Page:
Automatic Pilot has been through many incarnations, and band members have come and gone over the years. The project was once conceived as Friend of a Friend, a widely embraced modern rock band that made a big splash in the Northwest Indiana area from 2001-2002. Eventually, the band would separate and James would go on to play a variety of venues such as Tower Records, Borders, as well as Uncommon Ground and The Empty Bottle in Chicago. Automatic Pilot was conceived shortly thereafter as a whole new solo project that cultivates every musical genre from a predilection of all kinds of different styles with influences as varying as Wilco, Tom Waits, Fiona Apple, Nick Drake, Bright Eyes, and Matthew Sweet. Automatic Pilot primarily consists of James Eric Laczkowski, who composes experimental, ambient pop soundscapes, spliced with distorted emo rock, in a singer/songwriter acoustic environment. Automatic Pilot's records are available through ITunes and CDBaby. Although the line-up has fluctuated over the years, contributing members include Miriam Williams, Art Mayes, and Corey Rongers.
After losing his father in 2002, James fell into a serious downward spiral and sought counseling as a result. James also lost the town home he was living in for the past seven years. While the house was on the market in the summer of 2004, waiting to be sold, James decided to utilize the basement space one last time before moving into a confined one-bedroom apartment. The outcome of those four months is now beautifully documented here on Deathless. James sequestered himself to get better both physically and mentally after recurring illness, and decided to become his own producer and engineer. His part-time studio drummer, Miriam Williams, left her drum set there, so he decided to play all instruments on this record including drums for the first time. James' goal was to cathartically record a backdrop to the tumultuous two years he endured through unrefined, organic methodology, which felt genuine to him and would emotionally resonate with the listeners. "It may be a cliché to say that music saved me, but in this case, it couldn't be truer. I really had no choice but to save myself because I was all alone for the first time in my life," says James. "I wanted the listener to be engaged on a different level than before. I wasn't too concerned with melody and pop rock conventions. A couple songs were written on-the-spot without any prior conception in my mind of what they would become. I would just set up, sit in front of the mic, and let whatever happen happen. If a song wanted to be seven minutes long, then so be it. I wanted the guitars to convey what I was feeling for me instead of letting the lyrics have jurisdiction."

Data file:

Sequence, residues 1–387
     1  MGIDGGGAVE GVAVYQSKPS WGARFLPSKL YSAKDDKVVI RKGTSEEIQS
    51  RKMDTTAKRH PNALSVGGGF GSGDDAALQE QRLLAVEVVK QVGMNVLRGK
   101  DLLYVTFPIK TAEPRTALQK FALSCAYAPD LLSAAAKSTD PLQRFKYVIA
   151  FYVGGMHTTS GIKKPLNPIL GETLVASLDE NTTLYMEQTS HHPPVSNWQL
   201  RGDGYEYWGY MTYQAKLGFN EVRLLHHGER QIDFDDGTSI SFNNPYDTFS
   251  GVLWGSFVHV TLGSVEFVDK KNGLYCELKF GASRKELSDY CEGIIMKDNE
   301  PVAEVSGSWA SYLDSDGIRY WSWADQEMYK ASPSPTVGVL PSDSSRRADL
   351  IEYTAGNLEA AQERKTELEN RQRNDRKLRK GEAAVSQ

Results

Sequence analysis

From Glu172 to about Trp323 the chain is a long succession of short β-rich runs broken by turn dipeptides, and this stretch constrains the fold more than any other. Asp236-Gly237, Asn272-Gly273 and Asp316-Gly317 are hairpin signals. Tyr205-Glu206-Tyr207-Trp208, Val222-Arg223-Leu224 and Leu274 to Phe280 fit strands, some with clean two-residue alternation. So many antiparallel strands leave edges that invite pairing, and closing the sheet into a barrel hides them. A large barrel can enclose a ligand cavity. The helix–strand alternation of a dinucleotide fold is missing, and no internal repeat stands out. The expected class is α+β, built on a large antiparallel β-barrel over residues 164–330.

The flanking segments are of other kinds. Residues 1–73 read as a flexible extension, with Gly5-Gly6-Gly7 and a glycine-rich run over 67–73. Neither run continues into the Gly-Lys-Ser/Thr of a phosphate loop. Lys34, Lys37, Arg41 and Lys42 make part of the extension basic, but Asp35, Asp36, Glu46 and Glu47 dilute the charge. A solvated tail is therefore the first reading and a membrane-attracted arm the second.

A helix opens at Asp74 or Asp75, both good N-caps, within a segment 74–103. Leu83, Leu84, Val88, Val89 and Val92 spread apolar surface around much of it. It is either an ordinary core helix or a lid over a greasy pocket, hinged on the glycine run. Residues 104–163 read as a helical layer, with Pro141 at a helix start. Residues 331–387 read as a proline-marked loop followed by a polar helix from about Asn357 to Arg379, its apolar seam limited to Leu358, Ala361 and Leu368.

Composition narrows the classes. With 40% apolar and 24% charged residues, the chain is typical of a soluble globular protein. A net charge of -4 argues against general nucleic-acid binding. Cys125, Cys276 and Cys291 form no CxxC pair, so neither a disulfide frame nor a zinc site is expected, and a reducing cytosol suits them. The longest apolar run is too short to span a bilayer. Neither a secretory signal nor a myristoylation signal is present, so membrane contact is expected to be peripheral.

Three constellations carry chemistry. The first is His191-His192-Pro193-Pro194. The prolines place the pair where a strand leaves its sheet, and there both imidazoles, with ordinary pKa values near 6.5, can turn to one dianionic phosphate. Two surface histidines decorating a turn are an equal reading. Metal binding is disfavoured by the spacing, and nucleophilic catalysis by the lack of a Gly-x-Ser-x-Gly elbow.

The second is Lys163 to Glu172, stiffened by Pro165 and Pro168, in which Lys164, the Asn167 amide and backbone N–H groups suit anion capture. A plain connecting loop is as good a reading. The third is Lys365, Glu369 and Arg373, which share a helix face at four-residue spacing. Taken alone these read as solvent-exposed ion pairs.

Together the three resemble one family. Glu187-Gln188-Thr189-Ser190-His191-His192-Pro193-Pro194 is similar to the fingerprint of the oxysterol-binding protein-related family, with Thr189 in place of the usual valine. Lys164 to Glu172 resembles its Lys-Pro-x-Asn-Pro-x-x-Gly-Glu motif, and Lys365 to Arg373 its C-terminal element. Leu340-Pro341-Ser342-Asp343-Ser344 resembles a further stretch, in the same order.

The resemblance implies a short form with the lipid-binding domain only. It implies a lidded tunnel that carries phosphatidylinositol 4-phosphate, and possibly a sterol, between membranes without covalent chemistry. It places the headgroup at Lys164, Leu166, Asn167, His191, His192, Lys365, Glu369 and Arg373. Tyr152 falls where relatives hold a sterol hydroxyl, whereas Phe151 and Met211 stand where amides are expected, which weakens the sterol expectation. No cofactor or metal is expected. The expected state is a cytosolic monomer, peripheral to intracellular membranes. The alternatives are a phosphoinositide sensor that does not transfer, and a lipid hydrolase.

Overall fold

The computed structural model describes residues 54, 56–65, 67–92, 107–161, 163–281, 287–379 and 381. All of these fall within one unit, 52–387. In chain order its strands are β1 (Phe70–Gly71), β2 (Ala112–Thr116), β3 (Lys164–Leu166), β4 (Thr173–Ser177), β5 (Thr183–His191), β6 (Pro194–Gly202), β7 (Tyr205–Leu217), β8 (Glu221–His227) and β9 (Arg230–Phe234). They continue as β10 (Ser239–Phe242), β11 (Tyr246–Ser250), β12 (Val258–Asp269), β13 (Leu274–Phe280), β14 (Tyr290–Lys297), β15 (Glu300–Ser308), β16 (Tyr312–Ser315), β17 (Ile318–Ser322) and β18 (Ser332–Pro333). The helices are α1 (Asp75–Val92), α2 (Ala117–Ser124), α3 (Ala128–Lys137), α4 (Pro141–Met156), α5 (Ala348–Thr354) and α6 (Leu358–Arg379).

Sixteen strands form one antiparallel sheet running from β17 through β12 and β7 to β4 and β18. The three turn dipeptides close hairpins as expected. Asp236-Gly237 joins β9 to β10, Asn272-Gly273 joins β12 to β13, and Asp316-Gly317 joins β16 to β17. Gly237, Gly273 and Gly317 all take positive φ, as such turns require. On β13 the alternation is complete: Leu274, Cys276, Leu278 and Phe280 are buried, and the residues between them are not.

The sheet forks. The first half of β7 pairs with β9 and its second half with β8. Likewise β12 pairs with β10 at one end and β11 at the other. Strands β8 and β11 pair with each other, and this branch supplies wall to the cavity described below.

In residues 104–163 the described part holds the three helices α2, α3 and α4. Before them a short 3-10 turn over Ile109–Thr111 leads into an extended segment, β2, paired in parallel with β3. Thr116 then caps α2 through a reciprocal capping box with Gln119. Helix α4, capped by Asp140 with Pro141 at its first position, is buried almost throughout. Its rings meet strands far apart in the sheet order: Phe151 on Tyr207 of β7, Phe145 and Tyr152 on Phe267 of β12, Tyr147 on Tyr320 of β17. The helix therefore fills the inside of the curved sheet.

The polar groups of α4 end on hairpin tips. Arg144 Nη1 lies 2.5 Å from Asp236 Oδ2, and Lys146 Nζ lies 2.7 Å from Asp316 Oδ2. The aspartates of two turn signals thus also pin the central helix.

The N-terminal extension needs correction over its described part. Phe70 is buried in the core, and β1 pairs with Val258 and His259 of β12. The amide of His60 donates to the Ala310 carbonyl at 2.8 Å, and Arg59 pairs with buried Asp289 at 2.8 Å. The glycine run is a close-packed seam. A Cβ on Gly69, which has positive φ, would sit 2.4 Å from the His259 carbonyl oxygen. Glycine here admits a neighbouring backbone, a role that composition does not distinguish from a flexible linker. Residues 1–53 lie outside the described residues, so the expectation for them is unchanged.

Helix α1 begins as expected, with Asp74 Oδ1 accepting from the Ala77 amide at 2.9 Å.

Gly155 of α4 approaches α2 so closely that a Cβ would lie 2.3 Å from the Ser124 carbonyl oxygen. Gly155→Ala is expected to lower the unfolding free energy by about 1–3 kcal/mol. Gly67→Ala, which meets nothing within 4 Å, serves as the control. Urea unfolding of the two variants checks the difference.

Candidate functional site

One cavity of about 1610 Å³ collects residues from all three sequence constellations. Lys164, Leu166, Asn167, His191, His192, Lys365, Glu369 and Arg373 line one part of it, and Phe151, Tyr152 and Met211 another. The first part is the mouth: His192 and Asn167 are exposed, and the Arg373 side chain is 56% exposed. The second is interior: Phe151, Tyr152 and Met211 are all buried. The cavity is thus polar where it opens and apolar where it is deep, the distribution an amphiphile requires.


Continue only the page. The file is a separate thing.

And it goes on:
You can listen to the copious barebones B-sides and demo recordings, in addition to tracks from earlier records by visiting here:
Splendid Magazine proclaims "Arriving like a breath of fresh air after a long trek through the dank, oil-saturated air of a Ford assembly line, New Clear Vision delivers ten strong, well-intentioned tracks that address 2004's key social issues without pretension, without poison, without pompous attitude, without weird costumes or stage personalities. It's all about the songs. Automatic Pilot singer James Laczkowski's poignant, reverb-soaked performance evokes My Morning Jacket. From the effort he puts into his songs -- he sometimes tries too hard, straining his voice and strangling the notes -- you'd expect him to be a poor singer, but the reality is quite the opposite. He has plenty of vocal muscle, and his voice can be really gorgeous (refer to "Exhausted Memory"'s chorus). He comes across as a kind of transcendent everyman -- one who succeeds against all odds." (6/11/2004)
One Kind Radio says "Taking on the singer/song writer skills of Grant Lee Phillips & Elliot Smith... James Laczkowski has the lyrical mastery to place together a well written song with a backdrop of emo-sub pop. I love a LP that can touch on such subjects as our government's super charged power from a witless leader, societies blind eye to unneeded deaths over seas, and the over spun marketing propaganda machine our media has since become. Ahh, yes... one great LP that touches on politics, society, and "The Man" --- John Bowles (3/1/04)
Greg Kot of The Chicago Tribune & Sound Opinions says "Automatic Pilot tucks introspective lyrics inside grand washes of shoegazer guitar." (February 2003)
Columbia College of Chicago says "With a potent combination of early Talking Heads, early Radiohead and early R.E.M., this band should have no trouble branching off and trying new sounds. Laczkowski's vocal mannerisms continue throughout their debut CD, alternating between nervous insecurity and reckless abandon." --- Collin Souter, (March 2002)